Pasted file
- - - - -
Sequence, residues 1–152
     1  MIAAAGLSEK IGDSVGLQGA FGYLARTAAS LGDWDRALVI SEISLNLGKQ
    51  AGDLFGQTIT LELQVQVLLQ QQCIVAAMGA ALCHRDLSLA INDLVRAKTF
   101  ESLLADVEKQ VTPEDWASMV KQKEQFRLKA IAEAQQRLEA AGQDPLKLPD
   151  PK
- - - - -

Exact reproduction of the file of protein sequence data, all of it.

Sequence, residues 1–152
     1  MIAAAGLSEK IGDSVGLQGA FGYLARTAAS LGDWDRALVI SEISLNLGKQ
    51  AGDLFGQTIT LELQVQVLLQ QQCIVAAMGA ALCHRDLSLA INDLVRAKTF
   101  ESLLADVEKQ VTPEDWASMV KQKEQFRLKA IAEAQQRLEA AGQDPLKLPD
   151  PK